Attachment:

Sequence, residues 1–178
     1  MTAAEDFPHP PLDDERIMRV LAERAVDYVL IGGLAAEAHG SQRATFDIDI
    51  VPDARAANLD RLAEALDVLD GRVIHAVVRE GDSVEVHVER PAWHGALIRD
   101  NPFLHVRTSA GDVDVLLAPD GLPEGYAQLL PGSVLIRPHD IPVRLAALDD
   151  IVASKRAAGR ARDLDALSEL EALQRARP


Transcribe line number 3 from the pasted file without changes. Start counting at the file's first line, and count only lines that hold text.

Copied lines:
    51  VPDARAANLD RLAEALDVLD GRVIHAVVRE GDSVEVHVER PAWHGALIRD